Blake's Songs of Innocence and Experience (1794) juxtapose the innocent, pastoral world of childhood against an adult world of corruption and repression; while such poems as "The Lamb" represent a meek virtue, poems like "The Tyger" exhibit opposing, darker forces. Thus the collection as a whole explores the value and limitations of two different perspectives on the world. Many of the poems fall into pairs, so that the same situation or problem is seen through the lens of innocence first and then experience. Blake does not identify himself wholly with either view; most of the poems are dramatic--that is, in the voice of a speaker other than the poet himself. Blake stands outside innocence and experience, in a distanced position from which he hopes to be able to recognize and correct the fallacies of both. In particular, he pits himself against despotic authority, restrictive morality, sexual repression, and institutionalized religion; his great insight is into the way these separate modes of control work together to squelch what is most holy in human beings.--Submitted by Anonymous.
I was lucky enough to find an illustrated version of Songs of Innocence and Experience, but I was shocked at what the editor had to say about the illustration to "the Blossom". Basically, he claims that the illustrated "blossom" represents the penis, in both its aroused and unaroused states. Here is his claim;pardon his stilted language...apparently, you can't talk too properly about the sex act (:rolleyes:): illustrates the organ of generation both flaccid and erect, with the generative principle breaking from its crest in the form of tiny winged and happy figures. One has found its goal in the maiden's bosom; she sits contentedly among the flying joys, distinguished by her green dress and large angel's wings, since she, with her prospective motherhood, is an ideal figure to the male during the act of generation. Here is the picture in question. Do you agree? And, if so, why put such a poem in Innocence instead of Experience?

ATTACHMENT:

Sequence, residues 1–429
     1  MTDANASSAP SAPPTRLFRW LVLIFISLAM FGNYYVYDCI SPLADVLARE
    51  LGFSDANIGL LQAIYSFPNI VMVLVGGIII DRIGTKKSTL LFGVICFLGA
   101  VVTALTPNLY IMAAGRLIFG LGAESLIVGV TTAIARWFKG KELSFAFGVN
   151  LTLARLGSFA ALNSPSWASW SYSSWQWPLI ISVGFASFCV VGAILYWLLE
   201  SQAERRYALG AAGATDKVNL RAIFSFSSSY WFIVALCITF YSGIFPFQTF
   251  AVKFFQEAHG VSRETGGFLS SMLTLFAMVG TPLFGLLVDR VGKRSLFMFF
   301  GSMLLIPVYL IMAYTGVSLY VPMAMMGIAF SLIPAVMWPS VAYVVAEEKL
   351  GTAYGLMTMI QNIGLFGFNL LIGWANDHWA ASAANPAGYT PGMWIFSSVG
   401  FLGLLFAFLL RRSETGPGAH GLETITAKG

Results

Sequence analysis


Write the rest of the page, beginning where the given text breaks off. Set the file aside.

I just loved this poem. I think the way in which it is strcutured is excellent. I think there is a lot of meaning behind this poem and it feels so real. The Divine Image Cruelty has a human heart, And Jealousy a human face; Terror the human form divine, And secrecy the human dress. The human dress is forged iron, The human form a fiery forge, The human face a furnace seal'd, The human heart its hungry gorge.
Do these two poems help us to understand how Blake felt about humanity?
Hey everyone. I was just sitting here thinking about what to write for my english essay about Blake and his "Songs of Inocence and Experience". Does it make sense if really blake was struggling with the idea of what to believe. Like i think with songs of innocence and experience, blake was sort of wondering really what to believe. I know some people called him a Christian Gnostic, which i dont know somewhat makes sense. but what if in songs of innocence and experience he was tossing around the ideas of Christians and god. Because in songs of innocence and experience there are a lot of references to the bible and god himself. Does this make sense to anyone? or am i looking way too deep? to be honest i think he isnt really sure what to believe and through his poems its a way for him to figure things out. and he does this through the songs of innocence and experience comparing the songs of innocence to gentle, pure, sweet and innocent things in the world, and the songs of experience to evil, mature, grown up and hard things in this world. hope someone understands what im trying to say.. :angel:
Hey peeps, To all those who have read William Blake's "Songs of Innocence and of Experience", what was your favourite poem and why? (and to those who have not read the poems, they are fantastic and you so totally should if you get the chance!) Mine is probably "The Tyger" because of its rhythm, it reads so well, and Blake's choice of diction in the poem expresses the ferocity of the tiger really well. Would love to hear any opinions on Blake! :)
Here is where you find links to related content on this site or other sites, possibly including full books or essays about William Blake written by other authors featured on this site.
Sorry, no links available.
Sorry, no summary available yet.